Clang LTO Support Looks Like It Could Land For Linux 5.12
Written by Michael Larabel in Linux Kernel on 11 January 2021 at 03:18 PM EST. 21 Comments
LINUX KERNEL --
The support for Clang LTO of the Linux kernel for link-time optimizations when using that GCC alternative compiler looks like it will land with Linux 5.12.

For a number of months the Clang LTO wiring to the Linux kernel has been undergoing rounds of review and of interest from multiple parties. Vendors like Google already make use of Clang link-time optimizations as part of their kernel builds on mobile devices. There's been much interest and it looks like for Linux 5.12 that work will likely land -- it's been queued into a "-next" branch ahead of the Linux 5.12 merge window in February.

Kees Cook of Google has queued the work by Sami Tolvanen (also of Google) for Clang LTO'ing the kernel. The patches are currently part of for-next/kspp. So barring any major issues from coming up or new criticism coming to light, the work will likely be sent in for the next merge window (5.12).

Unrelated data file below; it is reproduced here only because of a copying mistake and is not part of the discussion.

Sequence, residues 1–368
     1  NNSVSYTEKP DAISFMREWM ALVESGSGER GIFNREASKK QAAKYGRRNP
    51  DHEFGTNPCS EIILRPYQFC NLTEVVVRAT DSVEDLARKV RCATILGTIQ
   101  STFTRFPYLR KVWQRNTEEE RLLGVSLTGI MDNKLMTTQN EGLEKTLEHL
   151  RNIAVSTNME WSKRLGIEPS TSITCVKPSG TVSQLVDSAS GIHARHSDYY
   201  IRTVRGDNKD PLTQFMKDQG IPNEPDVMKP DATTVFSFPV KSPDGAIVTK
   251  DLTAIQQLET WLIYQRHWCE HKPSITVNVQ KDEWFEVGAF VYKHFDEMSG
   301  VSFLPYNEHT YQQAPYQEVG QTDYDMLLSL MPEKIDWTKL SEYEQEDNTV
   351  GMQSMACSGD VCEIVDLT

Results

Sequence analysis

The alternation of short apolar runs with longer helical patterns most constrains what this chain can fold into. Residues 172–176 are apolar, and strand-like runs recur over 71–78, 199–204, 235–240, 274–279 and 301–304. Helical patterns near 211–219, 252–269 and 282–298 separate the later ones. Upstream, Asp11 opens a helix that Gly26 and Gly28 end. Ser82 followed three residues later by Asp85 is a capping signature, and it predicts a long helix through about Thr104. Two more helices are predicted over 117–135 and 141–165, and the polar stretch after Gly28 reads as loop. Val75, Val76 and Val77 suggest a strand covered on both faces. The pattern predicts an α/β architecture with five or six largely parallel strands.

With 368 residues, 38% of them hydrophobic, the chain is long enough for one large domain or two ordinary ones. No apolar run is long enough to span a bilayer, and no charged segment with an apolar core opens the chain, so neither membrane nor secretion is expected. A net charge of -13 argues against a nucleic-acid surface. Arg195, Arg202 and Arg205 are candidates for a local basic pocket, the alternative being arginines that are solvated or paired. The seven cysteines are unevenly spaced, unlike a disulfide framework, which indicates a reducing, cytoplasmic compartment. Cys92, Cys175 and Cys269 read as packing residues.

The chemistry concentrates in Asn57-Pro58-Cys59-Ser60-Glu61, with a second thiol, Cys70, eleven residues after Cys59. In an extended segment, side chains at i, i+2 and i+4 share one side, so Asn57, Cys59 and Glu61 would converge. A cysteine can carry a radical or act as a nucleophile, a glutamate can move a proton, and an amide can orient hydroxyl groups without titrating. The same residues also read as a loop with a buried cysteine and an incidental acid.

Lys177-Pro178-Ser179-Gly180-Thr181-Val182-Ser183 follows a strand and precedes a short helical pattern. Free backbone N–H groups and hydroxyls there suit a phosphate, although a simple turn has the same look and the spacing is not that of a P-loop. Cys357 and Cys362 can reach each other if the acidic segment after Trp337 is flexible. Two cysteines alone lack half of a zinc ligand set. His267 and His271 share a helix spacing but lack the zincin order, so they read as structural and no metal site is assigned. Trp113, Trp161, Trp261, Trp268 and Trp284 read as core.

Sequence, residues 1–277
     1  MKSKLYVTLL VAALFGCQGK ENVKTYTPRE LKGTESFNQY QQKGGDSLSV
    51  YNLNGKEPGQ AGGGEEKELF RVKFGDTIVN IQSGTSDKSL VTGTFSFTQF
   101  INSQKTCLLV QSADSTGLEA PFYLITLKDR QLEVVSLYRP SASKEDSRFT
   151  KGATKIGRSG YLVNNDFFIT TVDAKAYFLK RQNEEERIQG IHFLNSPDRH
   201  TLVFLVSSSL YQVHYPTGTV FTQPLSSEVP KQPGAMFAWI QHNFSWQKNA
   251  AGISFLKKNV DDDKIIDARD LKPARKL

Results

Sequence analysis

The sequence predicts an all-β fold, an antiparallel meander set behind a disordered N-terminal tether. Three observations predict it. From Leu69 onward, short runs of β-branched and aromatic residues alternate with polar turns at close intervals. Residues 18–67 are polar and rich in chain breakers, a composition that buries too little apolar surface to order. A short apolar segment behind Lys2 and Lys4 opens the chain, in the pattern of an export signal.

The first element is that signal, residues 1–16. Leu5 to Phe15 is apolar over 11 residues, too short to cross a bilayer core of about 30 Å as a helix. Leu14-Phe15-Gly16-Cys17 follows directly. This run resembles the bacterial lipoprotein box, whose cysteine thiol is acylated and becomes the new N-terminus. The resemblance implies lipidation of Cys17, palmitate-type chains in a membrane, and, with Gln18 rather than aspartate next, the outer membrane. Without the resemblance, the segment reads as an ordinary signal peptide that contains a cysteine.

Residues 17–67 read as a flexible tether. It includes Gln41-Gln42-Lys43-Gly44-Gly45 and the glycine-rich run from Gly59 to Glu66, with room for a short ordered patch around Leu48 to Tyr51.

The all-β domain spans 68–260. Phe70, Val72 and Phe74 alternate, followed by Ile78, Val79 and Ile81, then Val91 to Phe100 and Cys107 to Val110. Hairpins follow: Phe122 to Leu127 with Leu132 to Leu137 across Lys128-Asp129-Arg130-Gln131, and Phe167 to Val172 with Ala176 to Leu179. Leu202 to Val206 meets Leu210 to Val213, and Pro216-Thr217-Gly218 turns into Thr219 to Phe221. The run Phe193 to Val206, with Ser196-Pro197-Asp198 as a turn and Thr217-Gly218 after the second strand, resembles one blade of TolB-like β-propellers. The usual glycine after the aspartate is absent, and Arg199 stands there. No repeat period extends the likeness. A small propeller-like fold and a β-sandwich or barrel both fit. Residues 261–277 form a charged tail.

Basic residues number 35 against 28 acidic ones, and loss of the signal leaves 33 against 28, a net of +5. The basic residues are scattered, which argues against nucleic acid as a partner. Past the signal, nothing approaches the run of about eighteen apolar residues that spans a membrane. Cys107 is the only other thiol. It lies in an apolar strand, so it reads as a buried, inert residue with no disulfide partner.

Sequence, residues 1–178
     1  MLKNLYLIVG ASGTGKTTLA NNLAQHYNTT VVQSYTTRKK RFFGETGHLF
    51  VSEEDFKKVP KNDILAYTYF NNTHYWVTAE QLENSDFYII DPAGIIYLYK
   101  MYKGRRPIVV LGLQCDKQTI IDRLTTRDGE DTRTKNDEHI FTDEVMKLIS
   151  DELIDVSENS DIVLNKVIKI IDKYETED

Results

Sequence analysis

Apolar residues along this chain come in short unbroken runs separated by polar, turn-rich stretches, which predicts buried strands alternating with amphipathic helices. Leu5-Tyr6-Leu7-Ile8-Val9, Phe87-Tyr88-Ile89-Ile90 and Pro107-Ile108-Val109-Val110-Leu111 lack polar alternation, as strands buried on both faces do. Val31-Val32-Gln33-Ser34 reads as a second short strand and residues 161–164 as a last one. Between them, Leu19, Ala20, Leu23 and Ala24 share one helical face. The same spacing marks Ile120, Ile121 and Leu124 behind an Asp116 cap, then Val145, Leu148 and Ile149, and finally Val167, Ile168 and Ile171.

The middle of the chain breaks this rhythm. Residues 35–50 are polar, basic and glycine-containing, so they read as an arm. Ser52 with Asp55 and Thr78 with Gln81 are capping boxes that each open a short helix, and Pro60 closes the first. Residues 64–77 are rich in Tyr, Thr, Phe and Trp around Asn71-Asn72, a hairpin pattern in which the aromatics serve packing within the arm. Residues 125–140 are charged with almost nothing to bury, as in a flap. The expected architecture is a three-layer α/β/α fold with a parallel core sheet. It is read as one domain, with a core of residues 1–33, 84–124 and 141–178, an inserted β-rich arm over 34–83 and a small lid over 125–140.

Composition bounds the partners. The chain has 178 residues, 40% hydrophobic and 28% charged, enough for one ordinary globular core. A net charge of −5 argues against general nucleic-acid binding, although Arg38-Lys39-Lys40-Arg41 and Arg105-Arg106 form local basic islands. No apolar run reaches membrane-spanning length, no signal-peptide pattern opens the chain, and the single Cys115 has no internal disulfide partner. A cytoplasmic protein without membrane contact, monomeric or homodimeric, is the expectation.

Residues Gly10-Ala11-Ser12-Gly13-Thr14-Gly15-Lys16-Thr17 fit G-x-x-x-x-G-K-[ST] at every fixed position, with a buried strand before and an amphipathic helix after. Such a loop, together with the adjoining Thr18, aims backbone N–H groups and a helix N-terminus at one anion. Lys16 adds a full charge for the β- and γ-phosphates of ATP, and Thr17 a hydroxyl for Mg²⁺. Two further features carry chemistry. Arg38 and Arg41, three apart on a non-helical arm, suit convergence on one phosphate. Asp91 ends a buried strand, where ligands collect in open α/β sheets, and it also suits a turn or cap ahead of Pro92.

This support allows both "full" link-time optimizations as well as LLVM's ThinLTO support. For the moment though this support is just in place for 64-bit ARM (AArch64) and not x86_64. The support can be configured via Kconfig on supported architectures.

The Clang LTO full build of the Linux kernel should yield "the best runtime performance" but quite time consuming as well as a lot of RAM consumption thus ThinLTO also being supported.

This work also lays the groundwork for potentially supporting GCC LTO of the Linux kernel too thanks to some common "CONFIG_LTO" knobs being added but the GCC compiler support isn't part of this pull. In the past from Intel and others we have seen GCC LTO for the Linux kernel proposed albeit never made it to mainline for merging.

Compiler link-time optimizations are great in the name of performance while this LTO support in the kernel is also needed for Clang Control-Flow Integrity (CFI) enforcement as a security feature. Google has been Clang LTO'ing (with CFI) their Linux kernel builds for Android devices since 2018.
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